In a matter of just a few years, we have gone from drones in American skies being a conspiracy theory, to drones being openly debated by Congress for full deployment over the U.S. by 2015. However, you know things have gone to a new level when establishment media begins covering the full range of privacy-ending capabilities employed by drones matched with biometric databases ... inside America.
A recent Associated Press article, reposted at major corporate media sites such as Business Insider, surprisingly grasps the near totality of what is being planned in much the same way as we have been covering in the alternative media for some time.
Entitled, "Drones With Facial Recognition Technology Will End Anonymity, Everywhere," we are presented with this news as a statement, not a question.
The AP is in fact a bit behind the curve to suggest that the capabilities they highlight, are "to be sure ... in its infancy" when we have documents obtained by the Electronic Privacy Information Center (EPIC) which reveal that the Bureau of Customs and Border Protection is already operating drones in the United States capable of recognizing a person on the ground. Or how about the fact that drones can already see inside your bedroom? Wired’s Danger Room reported back in 2011 that not only were drones with facial recognition in development, but also algorithms that could predict behavior.
Rather, what we are witnessing with this news from AP is the mainstream rollout and conditioning of the public to what is already here and what is about to become even more pervasive. Once that is accomplished, we can expect the spin machine to go into overdrive and justify the wonders of constant surveillance, as they attempted to do in the Chris Dorner manhunt.
However, the AP certainly offers a correct summary of how the databases that already exist, where we thought our personal information was protected, will be opened and utilized any time necessary.
From seeing just the image of a face, computers will find its match in a database of millions of driver’s license portraits and photos on social media sites. From there, the computer will link to the person’s name and details such as their Social Security number, preferences, hobbies, family and friends.
Adding that capability to drones that can fly into spaces where planes cannot — machines that can track a person moving about and can stay aloft for days — means that people will give up privacy as well as the concept of anonymity.
Naturally, the AP peddles this softly as it recounts these "new" developments in a tale of researchers with Carnegie Mellon University’s CyLab Biometrics Center attempting to assist in sharpening FBI images of Boston bombing suspects, the Tsarnaev brothers. This is reminiscent of the above-mentioned Chris Dorner manhunt where we heard calls for how nice it would have been to have a drone at the ready for quicker identification and possible assassination.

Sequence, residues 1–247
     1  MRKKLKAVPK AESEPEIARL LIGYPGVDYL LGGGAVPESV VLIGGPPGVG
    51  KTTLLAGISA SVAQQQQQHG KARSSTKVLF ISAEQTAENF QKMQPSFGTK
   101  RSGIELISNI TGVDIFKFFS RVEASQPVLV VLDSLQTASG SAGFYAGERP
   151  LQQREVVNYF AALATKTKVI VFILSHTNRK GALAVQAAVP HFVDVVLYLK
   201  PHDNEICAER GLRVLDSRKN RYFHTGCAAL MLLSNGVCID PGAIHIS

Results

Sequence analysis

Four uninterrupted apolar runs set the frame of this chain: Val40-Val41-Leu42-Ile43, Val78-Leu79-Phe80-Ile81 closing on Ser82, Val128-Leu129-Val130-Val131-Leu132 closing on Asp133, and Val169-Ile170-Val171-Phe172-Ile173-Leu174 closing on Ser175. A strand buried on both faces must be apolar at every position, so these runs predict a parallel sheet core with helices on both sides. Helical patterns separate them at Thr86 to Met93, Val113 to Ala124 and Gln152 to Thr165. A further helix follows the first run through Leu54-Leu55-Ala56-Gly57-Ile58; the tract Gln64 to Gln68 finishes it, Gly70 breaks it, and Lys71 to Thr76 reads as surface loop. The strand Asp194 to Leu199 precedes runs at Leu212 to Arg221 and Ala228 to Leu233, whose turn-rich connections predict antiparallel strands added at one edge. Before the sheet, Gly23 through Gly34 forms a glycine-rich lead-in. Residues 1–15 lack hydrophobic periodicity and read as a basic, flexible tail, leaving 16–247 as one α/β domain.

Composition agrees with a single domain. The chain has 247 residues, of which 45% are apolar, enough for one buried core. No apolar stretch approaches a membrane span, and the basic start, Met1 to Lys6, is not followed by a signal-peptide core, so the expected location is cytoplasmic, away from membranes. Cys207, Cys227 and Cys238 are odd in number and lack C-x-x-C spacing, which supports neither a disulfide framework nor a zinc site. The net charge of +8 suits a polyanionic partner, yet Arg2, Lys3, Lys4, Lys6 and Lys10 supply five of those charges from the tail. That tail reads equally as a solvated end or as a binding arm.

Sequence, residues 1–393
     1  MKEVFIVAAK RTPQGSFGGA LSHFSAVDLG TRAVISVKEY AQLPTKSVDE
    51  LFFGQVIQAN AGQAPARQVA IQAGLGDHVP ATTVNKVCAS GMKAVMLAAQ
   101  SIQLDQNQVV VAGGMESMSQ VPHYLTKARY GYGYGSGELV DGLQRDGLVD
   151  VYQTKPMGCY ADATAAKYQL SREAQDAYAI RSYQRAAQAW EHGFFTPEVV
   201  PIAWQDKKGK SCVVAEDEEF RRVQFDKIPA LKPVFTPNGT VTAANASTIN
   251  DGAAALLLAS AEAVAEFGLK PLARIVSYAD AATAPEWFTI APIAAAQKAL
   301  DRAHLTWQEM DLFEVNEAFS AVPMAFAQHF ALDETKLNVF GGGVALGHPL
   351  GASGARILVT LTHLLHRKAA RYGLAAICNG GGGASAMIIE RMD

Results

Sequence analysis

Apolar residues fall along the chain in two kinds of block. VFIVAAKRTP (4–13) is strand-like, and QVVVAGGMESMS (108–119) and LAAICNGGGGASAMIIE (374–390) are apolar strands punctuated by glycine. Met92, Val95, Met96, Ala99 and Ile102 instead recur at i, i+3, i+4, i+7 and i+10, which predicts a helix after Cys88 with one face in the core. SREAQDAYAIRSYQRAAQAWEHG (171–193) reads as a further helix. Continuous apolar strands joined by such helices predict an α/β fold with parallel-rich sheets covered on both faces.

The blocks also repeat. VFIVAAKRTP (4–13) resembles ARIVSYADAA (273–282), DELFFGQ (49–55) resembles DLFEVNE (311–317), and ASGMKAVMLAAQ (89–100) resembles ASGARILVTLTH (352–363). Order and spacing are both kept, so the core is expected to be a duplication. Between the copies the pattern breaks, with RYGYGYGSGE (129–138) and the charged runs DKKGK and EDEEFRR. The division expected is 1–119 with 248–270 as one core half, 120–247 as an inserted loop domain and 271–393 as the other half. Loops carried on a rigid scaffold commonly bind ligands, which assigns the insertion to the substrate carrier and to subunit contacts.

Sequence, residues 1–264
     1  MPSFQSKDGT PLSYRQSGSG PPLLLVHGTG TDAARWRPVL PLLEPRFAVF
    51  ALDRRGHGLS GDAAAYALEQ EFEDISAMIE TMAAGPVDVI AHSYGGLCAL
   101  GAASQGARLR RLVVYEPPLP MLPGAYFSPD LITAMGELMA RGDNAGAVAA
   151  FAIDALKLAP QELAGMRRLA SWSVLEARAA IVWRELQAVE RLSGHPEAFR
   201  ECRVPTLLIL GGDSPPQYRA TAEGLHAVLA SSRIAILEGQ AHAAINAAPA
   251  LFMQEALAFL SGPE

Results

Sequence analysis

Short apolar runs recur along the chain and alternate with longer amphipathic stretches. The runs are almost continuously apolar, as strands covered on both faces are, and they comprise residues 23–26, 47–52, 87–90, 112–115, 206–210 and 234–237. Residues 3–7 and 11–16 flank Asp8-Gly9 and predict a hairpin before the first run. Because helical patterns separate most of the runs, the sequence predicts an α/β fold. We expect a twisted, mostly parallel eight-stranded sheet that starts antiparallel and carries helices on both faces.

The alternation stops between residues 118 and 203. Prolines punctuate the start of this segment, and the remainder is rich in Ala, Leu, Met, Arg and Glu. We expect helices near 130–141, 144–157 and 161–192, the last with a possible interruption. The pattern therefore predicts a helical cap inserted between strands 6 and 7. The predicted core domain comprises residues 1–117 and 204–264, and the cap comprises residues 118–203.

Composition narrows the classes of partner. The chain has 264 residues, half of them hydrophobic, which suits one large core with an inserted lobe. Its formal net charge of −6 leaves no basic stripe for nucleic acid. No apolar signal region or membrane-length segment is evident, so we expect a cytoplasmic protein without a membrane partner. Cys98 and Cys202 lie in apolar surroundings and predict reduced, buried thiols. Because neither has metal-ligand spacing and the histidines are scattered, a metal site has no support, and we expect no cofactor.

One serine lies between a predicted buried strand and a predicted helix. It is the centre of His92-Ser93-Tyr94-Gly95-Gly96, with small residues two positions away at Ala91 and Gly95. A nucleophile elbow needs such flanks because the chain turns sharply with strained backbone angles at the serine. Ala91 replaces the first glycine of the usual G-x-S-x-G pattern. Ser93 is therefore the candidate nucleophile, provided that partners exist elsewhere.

In a real-time experiment, the scientists digitally mapped the face of "Suspect 2," turned it toward the camera and enhanced it so it could be matched against a database. The researchers did not know how well they had done until authorities identified the suspect as Dzhokhar Tsarnaev, the younger, surviving brother and a student at University of Massachusetts Dartmouth.
"I was like, ’Holy shish kabobs!’ " Marios Savvides, director of the CMU Cylab, told the Tribune-Review. "It’s not exactly him, but it’s also not a random face. It does fit him."
This astonishment is somewhat absurd considering that drones have already been developed that are equipped with cameras systems like DARPA’s Autonomous Real-time Ground Ubiquitous Surveillance Imaging System (ARGUS) seen in the video below. This sensor system can instantly see an area roughly the "size of a small city" with an "all-seeing" eye according to retired Lieutenant, David A. Deptula. The next generation of surveillance tech sees the landscape through a 1.8 billion pixels camera, the highest resolution yet created.
Using a touchscreen interface that can produce up to 65 windows for analysis, military observers can see down to the individual object level to track the movements of vehicles and people. Beyond the real-time surveillance, the system can store everything for future review right down to the minutes and seconds.
Right into enemy hands? ISIS shows off new weapons allegedly airdropped by US (VIDEO) 2014 10 23
Islamic State has published a new video in which a jihadist shows off brand-new American hardware, which was purportedly intended for the Kurds they are fighting in the Syrian border town of Kobani.
The undated video, posted by the unofficial IS mouthpiece “a3maq news”, sees a jihadist showing several boxes of munitions with English-language markings, with a parachute spread out on ...
STAGED INFECTION: Has The Ebola ‘Outbreak’ Narrative Fallen Apart? 2014 10 22 Over the past month, the ‘pandemic’ propaganda surrounding the deadly Ebola virus seemed to reach vitriolic levels – raising serious questions about the validity of this current viral outbreak…
On Monday of this week, it was reported that 48 people were released and cleared after a 21-day quarantine due to their contact with the now deceased Ebola-stricken patient Thomas Eric ...
6,000-Year-Old Temple with Possible Sacrificial Altars Discovered 2014 10 21
A 6,000-year-old temple holding humanlike figurines and sacrificed animal remains has been discovered within a massive prehistoric settlement in Ukraine.
Built before writing was invented, the temple is about 60 by 20 meters (197 by 66 feet) in size. It was a "two-story building made of wood and clay surrounded by a galleried courtyard," the upper floor divided into five ...